Frequency Modulated Continuous Wave Radar

Frequency Modulated Continuous Wave Radar

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The need to see without being seen has been the cardinal principle of military commanders since the inception of warfare. Until the advent of World War II, the only means available to commanders from this point of view was espionage and intelligence gathering missions behind enemy lines. Just prior to World War II, the allies came up with a ground breaking invention, the pulsed radar. This invention radically altered the equation and for the first time in the true sense of the term one could see without being seen. The word RADAR is an acronym for Radio Detection And Ranging. As it was originally conceived, radio waves were used to detect the presence of a target and to determine its distance or range. The pulsed radar could sight the German lighter formations well before they reached the English coast and could, therefore, concentrate allied lighter groups where they were most needed. The German lighters were not even aware that they were detected. In effect, the pulsed radar acted as a force multiplier and helped the allies defeat the vastly superior Luftwaffe in the Battle of Britain. The allies pressed home their advantage of having the radar, by going on to win the Battle of the Atlantic against the German U-Boats by catching them unawares on the surface at nighttime when they were charging their batteries. This was truly stealth warfare in the purest sense of the term. The German reaction to these events was slow and by the time they came up with their own radars and radar emission detectors (now called intercept receivers) it was too little, too late to influence the outcome of the war in their favor.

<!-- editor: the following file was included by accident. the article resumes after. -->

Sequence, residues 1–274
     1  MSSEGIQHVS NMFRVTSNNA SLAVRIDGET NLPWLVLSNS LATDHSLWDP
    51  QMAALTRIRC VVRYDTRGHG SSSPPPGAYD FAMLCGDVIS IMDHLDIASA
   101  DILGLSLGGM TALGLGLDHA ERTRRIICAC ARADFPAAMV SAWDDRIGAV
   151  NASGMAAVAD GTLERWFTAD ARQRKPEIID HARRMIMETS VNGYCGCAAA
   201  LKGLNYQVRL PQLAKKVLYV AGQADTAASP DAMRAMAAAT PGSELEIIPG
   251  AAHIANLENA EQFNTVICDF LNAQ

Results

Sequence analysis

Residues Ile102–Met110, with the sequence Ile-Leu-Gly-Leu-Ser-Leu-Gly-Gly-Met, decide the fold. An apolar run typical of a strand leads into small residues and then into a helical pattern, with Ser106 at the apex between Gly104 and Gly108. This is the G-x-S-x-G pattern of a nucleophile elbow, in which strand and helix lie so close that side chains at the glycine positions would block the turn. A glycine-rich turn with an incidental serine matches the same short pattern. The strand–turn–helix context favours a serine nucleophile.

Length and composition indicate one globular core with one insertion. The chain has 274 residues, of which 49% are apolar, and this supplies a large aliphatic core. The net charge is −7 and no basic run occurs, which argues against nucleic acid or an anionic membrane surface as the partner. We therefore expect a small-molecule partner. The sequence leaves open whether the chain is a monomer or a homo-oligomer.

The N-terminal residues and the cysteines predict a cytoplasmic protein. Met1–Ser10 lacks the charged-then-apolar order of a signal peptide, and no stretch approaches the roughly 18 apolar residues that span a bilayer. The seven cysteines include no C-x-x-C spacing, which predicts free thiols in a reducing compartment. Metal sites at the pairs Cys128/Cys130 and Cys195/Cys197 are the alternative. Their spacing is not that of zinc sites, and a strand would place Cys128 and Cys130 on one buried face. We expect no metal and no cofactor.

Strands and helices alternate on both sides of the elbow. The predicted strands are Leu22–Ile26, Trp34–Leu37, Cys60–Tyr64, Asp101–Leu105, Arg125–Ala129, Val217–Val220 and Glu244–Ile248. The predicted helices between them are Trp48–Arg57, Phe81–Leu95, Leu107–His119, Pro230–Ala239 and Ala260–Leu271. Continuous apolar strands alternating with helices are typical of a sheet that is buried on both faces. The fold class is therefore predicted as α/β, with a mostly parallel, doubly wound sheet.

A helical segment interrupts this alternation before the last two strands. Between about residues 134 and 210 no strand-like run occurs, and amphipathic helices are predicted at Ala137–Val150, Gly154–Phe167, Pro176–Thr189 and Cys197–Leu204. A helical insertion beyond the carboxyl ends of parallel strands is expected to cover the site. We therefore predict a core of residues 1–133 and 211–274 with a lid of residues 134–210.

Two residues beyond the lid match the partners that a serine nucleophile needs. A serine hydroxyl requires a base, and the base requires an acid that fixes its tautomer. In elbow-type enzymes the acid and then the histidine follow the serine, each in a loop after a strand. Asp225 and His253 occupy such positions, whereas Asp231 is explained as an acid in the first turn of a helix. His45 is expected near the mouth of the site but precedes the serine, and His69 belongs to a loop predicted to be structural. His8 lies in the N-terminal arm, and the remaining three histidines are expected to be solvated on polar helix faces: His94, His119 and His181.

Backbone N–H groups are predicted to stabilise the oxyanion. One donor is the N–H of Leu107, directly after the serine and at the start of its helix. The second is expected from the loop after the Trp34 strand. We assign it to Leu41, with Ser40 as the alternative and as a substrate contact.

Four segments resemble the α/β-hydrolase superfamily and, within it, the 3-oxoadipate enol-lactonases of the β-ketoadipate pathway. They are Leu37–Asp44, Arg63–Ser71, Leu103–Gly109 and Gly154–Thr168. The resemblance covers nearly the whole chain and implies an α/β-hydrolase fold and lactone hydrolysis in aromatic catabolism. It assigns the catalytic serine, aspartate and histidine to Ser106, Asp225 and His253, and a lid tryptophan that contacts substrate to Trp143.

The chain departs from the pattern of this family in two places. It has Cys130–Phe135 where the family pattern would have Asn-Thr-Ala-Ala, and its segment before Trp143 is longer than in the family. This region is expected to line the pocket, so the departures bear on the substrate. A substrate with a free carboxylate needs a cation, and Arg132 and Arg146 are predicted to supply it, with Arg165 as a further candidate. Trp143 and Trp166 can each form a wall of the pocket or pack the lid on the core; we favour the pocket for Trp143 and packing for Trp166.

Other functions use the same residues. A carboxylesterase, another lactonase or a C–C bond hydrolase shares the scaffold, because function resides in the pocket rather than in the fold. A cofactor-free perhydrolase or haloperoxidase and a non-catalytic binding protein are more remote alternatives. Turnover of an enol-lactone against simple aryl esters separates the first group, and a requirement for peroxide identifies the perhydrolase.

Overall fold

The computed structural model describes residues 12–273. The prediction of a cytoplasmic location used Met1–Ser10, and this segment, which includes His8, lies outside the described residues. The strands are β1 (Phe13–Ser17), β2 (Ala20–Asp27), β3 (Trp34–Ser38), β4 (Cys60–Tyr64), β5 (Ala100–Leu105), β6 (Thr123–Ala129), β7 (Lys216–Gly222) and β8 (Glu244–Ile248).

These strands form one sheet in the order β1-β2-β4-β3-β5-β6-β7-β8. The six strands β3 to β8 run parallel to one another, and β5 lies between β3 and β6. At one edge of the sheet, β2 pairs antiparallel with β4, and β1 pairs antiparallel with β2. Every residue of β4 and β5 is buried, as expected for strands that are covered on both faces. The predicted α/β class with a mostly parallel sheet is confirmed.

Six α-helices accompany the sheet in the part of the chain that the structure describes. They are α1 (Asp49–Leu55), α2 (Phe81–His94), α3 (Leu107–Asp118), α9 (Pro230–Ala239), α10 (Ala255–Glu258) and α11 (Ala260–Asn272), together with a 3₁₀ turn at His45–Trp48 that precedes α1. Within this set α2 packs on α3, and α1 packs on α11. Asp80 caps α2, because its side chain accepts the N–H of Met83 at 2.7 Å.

Chapter Contents:

  • 1.1 FMCW Radar Characteristics
  • 1.2 Range Equation for FMCW Radar
  • 1.3 Intercept Range of FMCW Radar
  • 1.4 Commercial FMCW Radars
  • 1.4.1 The PILOT Radar
  • 1.5 Experimental Air Search CW Radar
  • 1.5.1 Miscellaneous Uses of LPI Radars
  • 1.6 A Survey of This Book

Inspec keywords: FM radar; CW radar; radar detection

Other keywords: warfare; Battle of Britain; World War II; military commanders; radar emission detectors; radio detection; pulsed radar; ground breaking invention; force multiplier; German lighter; FMCW wave radar; German U-boat; radio waves; frequency modulated continuous wave radar

Subjects: Signal detection; Radar equipment, systems and applications

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